OFA Bulletin May/June 2011 : Page 3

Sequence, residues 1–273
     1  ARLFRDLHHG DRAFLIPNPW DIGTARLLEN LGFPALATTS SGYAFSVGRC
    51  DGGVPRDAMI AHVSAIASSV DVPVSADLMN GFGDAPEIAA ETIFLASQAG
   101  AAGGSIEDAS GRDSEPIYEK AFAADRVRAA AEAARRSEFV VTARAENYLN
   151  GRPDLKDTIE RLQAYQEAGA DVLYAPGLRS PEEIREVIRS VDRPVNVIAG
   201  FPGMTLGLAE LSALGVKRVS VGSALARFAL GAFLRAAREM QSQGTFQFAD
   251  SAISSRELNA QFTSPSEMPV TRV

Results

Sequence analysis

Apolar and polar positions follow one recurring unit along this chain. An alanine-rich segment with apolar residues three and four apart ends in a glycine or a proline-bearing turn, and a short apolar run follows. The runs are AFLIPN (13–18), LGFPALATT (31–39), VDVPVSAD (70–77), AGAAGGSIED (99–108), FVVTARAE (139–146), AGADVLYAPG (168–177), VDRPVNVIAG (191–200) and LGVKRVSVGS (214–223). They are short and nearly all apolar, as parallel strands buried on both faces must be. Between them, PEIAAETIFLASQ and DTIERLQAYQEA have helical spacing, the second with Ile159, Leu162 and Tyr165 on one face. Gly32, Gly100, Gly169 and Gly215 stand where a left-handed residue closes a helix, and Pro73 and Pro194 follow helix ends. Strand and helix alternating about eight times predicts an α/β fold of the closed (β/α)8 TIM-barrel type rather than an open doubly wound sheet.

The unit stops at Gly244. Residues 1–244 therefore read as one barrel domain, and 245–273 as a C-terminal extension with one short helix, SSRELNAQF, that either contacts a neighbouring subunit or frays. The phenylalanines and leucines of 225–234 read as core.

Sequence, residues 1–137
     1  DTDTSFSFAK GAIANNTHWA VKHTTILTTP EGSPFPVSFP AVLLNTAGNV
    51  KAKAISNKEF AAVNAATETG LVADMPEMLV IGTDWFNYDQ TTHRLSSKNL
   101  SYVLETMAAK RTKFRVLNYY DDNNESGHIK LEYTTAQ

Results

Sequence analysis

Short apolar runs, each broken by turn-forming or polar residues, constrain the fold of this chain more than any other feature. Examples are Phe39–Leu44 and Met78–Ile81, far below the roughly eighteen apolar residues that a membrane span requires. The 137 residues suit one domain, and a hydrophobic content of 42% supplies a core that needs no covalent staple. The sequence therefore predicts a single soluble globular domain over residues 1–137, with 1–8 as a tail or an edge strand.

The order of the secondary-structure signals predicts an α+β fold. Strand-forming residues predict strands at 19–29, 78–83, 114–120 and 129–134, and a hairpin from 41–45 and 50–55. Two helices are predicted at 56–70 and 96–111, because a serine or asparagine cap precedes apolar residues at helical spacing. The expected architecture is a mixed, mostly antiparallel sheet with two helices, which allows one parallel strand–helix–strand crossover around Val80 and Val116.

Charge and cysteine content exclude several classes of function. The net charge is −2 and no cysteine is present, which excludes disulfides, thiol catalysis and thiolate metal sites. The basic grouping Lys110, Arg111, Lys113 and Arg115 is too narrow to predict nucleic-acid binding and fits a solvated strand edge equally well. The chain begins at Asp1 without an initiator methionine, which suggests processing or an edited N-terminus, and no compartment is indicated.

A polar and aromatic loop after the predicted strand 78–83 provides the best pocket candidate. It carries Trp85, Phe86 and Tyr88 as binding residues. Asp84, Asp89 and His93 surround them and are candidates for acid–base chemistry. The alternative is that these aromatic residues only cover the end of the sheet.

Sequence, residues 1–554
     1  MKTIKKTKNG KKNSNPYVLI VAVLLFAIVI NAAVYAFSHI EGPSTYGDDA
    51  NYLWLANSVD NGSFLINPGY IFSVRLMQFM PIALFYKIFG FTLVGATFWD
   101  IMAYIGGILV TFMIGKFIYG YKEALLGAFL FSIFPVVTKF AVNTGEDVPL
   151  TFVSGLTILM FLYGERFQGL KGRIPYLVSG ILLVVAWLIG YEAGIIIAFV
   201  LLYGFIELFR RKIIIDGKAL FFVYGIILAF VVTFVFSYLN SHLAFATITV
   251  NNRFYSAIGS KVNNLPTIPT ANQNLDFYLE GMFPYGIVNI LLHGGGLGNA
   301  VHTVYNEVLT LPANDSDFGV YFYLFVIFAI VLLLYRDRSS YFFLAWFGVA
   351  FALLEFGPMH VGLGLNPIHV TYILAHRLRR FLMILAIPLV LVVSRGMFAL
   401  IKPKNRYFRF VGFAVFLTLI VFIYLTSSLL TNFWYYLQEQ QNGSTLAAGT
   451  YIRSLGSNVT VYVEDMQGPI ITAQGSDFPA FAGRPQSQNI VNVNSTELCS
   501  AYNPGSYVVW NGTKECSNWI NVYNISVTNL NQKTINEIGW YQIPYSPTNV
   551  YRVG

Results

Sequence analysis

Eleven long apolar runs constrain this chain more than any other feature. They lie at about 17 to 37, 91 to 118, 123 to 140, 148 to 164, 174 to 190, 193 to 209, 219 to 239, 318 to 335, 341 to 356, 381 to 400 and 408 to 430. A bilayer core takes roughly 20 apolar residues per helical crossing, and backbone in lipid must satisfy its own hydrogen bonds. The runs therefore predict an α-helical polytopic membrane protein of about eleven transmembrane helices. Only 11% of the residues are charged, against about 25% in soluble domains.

May/June 2011 • N u m b e r 9 2 7 the dust of the 2010 elections has settled, it is abundantly – and unfortunately – clear that there is no hope in this Congress for passage of comprehensive immigration reform, covering all workers in the economy. However, we must continue to work for agriculture, which has unique needs and is in a unique situation. Enforcement and audit efforts are increasing and are focused on employers. As many as 75 percent of U.S. agriculture’s workers are unauthorized. The new H-2A guestworker regulations are unworkable. Employers are having a more difficult time finding workers, and still have no reliable way of verifying documents. Agriculture across the U.S. is feeling the pain. Our most urgent need, as I write this article, is to avoid passage of “enforcement only” legislation, without the other “two legs of the three-legged stool”: guestworker reform and a way to authorize those workers who are already here. All three components are necessary for an effective solution to our current crisis. Mandatory enforcement without a way to maintain our current workforce and to obtain new workers will rob agriculture of most of its workforce. We, of course, support secure, well-managed borders and effective enforcement. SAF, as part of the Agriculture Coalition on Immigration Reform (ACIR), is willing to work with Congress and the Administration on an effective, improved E-Verify (electronic verification of documents) program – but only if the solution also includes realistic legal ways to maintain and obtain a productive, legally authorized workforce. The electronic verification program, “E-Verify,” is currently voluntary in most states, and an estimated 5 percent to 11 percent of employers used it in 2010, although the number of users continues to grow. A small number of states (including Arizona) have made it mandatory. The program could eventually be useful, but questions have been raised about its accuracy. In addition, identity fraud remains a problem, because employers may not be able to tell if employees are presenting genuine documents that are borrowed or stolen. Our nation’s food supply and its agricultural economy (plus the three to five jobs that are supported in communities as a result of agriculture) are at risk. At this writing, we are working both in the House and the Senate to try to forge a solution for agriculture. Stay tuned – and please be prepared to communicate with your representatives in Congress on this issue. It’s difficult to generate support for immigration reform amid the noise of the anti-immigrant forces. But for one politician or radio talk show host grandstanding about the evils of illegal immigration, there are hundreds of thoughtful Americans who are actually interested in working to solve the problem. Congress needs to hear from them. importing and/or moving pests or diseases which might harm, say, cotton or potatoes. In other instances, environmental groups target the ornamentals industry. As the topic of “invasives” gains traction, more attention is being focused on the possibility of regulating plant movement through certified or approved “systems approach” programs, rather than by inspection of individual shipments. Many such approaches are currently under discussion, and it is imperative that the ornamentals industry be involved in order to prevent imposition of unworkable schemes on the industry. Essentially, a systems approach is modeled on the concept of the “HACCP” approach which is used in many segments of the food industry. “HACCP” (Hazard Analysis of Critical Control Points) relies on targeting specific key points in a production process to control or mitigate the risk of a problem passing through one or more of those points without being detected and/or eliminated. This regulatory topic is still relatively in its infancy – but growers need to be thinking about it. A systems approach will only work if it is based on the realities of crop production and designed with thoughtful grower input. By the time you read this USDA will likely have published the next phase of the Quarantine-37 regulation revision. Q-37 is the regulation governing the import of “plants-for-planting,” including seeds. Watch for alerts from SAF and ANLA, because new proposals are likely to raise questions on which we need grower input. Again, stay tuned! Get to Know Congress! The efforts of the industry in putting a face on floriculture are really “worth their weight in gold.” Congress must hear the voice of business – and Congress listens best when it is hearing that voice from business owners themselves – sitting in Capitol Hill offices, right there on the spot. And if you can’t actually come to Washington, that doesn’t mean your voice can’t be heard. E-mails, attending district office meetings, and just paying attention to what your representatives are saying and doing is important. Log onto www.safnow.org and click on “Write to Congress.” It’s easy. Enter your zip code and find out who your congressman or congresswoman is. Then, log onto www.house.gov or www.senate.gov, go to their web page, and find out more about them. It will help you to better communicate and it will help our Congress to do a better job. Pictures are usually worth far more than a thousand words. Inviting a lawmaker to visit your business is extremely helpful in creating more understanding of how businesses operate and creating channels of ongoing communication. Getting your information from reliable sources is increasingly important. And, of course, staying in touch with your trade associations – SAF, ANLA, OFA, and others – makes our voice louder, clearer, and more effective. It’s not rocket science – it’s just common sense and hard work! Lin Schmale Senior Director of Government Relations Society of American Florists 1601 Duke Street Alexandria, VA 22314 703-836-8700 LSchmale@safnow.oryg Certification of Production Facilities – Onshore and Offshore? As global trade increases, the pressure on the ornamentals industry has become intense to avoid or control the movement of invasive plants and of invasive pests which can travel with plants and flowers. The ornamentals industry is often singled out, because it moves its products around the nation and around the world – and often establishes them in the environment. In some instances, fairly or not, the ornamentals industry is targeted by other agricultural sectors, who blame us for OFA Bulletin 3